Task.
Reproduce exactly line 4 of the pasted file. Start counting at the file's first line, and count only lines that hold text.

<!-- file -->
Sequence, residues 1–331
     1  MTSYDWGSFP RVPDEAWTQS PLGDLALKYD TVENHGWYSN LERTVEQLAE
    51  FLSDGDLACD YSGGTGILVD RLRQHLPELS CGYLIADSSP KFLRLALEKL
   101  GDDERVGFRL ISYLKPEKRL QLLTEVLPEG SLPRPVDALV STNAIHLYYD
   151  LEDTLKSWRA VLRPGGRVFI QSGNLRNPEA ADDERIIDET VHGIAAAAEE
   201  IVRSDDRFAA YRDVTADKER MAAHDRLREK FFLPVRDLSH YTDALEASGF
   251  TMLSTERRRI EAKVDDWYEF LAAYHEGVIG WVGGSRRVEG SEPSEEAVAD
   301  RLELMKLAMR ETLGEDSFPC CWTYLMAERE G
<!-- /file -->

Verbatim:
   101  GDDERVGFRL ISYLKPEKRL QLLTEVLPEG SLPRPVDALV STNAIHLYYD